Thursday, November 13, 2008
Is Africa ready for Obama?
Since Africa gained independence from European colonial masters, the US government has only sporadically paid attention to the vast sub-Saharan stretches of the continent. What attention has been paid usually has come in response to crises, both natural and human-made.
Let's face it: The US is the most powerful nation in the world. Decisions made by an American president affect millions across the globe. Pundits have been questioning whether America is ready for Obama. The question that should be asked is this: Is Africa ready for Obama?
The answer is a big "Yes". When Barack Obama occupies the Oval Office and White House on January 20 next year, he will move his father's native continent higher up on this country's policy agenda. In this ever-more-interdependent world, that would be good for both Africa and America unless corrupt or incompetent government officials prevent it.
We all know that the US' current foreign diplomacy hasn't worked. Part of Obama's appeal is the fresh perspective he holds on world matters.
Even before Obama announced his candidacy for election, he had already attracted attention, not only from America, but indeed from all over the world.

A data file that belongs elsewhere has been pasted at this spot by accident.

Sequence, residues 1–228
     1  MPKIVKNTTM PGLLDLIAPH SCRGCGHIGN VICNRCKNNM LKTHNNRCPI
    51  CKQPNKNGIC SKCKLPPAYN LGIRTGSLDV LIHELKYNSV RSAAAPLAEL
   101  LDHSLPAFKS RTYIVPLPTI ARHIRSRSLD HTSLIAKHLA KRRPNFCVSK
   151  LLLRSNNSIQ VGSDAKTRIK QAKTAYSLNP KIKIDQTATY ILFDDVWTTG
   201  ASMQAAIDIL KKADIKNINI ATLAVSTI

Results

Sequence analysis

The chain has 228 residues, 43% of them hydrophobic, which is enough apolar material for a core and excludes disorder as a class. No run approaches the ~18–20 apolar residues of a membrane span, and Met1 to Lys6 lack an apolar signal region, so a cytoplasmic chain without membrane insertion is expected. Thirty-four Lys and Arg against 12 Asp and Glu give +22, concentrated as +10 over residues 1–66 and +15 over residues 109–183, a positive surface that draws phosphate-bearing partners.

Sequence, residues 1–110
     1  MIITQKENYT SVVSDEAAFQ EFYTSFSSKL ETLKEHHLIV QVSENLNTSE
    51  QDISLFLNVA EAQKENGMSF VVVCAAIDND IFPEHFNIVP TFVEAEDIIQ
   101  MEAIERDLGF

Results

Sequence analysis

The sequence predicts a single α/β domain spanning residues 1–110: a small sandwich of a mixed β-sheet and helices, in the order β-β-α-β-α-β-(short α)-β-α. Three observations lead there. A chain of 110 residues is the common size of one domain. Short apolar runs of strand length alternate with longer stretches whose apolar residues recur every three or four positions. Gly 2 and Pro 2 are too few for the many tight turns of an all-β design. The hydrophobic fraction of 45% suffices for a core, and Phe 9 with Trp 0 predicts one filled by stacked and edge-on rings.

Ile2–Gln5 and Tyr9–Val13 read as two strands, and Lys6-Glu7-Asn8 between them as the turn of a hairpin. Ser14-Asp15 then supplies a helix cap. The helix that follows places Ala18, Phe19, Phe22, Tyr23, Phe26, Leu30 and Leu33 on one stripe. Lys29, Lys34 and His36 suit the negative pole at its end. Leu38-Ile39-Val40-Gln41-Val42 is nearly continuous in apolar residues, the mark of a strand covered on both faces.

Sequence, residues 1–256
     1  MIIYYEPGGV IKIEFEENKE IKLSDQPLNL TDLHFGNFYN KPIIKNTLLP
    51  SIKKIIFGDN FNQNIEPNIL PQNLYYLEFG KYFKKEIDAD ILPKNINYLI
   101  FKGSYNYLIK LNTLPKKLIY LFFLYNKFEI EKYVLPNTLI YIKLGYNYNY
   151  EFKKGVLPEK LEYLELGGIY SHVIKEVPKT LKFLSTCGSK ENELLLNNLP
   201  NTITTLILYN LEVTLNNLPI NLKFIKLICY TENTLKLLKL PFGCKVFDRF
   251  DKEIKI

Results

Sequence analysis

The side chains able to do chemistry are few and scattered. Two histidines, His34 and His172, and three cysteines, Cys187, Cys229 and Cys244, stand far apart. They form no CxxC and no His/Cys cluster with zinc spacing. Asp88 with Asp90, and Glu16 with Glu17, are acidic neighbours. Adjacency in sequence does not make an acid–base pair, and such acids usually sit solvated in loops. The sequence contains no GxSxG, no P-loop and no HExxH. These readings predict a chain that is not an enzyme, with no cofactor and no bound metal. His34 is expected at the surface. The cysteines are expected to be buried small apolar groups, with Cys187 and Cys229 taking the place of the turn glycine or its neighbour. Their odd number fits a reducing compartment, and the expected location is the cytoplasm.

Africa saw a connection through his father. No wonder Kenyans claimed him as their own.
For all the whining over Obama's identity, the question to ponder is this:
Will a black president be more favourable towards Third World countries? What do Africa and the developing world stand to benefit from a black president?
Considering how popular Obama is around the world, particularly Africa, coupled with his naturally amiable persona and his solid international background, will his presidency see the end of hatred towards America? Or will it compromise his country's foreign and domestic policy goals?
Obama has already spoken about the responsibility of Africans to take action against "a lack of basic rule of law and accountability that has hampered the ability of countries with enormous natural resources".
"Ultimately, a new generation of Africans have to recognise the international community and the international relief organisations. The US can't help Africa if its own leaders are undermining the possibilities of progress," Obama said during his trip to Africa in 2006.
In his 1995 memoir, Dreams From My Father, Obama recalled his first trip to Africa, when, in his late 20s, he cried as he sat between the graves of his father and grandfather.